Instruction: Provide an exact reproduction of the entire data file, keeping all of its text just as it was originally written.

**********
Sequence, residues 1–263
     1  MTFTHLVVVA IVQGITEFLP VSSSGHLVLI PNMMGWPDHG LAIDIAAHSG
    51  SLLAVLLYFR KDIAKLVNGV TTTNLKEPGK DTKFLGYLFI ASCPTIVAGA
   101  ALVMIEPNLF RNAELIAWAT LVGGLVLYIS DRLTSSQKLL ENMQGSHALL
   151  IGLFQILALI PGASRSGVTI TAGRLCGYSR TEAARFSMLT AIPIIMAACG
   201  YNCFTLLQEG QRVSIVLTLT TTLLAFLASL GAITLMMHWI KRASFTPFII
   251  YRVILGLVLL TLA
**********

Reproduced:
Sequence, residues 1–263
     1  MTFTHLVVVA IVQGITEFLP VSSSGHLVLI PNMMGWPDHG LAIDIAAHSG
    51  SLLAVLLYFR KDIAKLVNGV TTTNLKEPGK DTKFLGYLFI ASCPTIVAGA
   101  ALVMIEPNLF RNAELIAWAT LVGGLVLYIS DRLTSSQKLL ENMQGSHALL
   151  IGLFQILALI PGASRSGVTI TAGRLCGYSR TEAARFSMLT AIPIIMAACG
   201  YNCFTLLQEG QRVSIVLTLT TTLLAFLASL GAITLMMHWI KRASFTPFII
   251  YRVILGLVLL TLA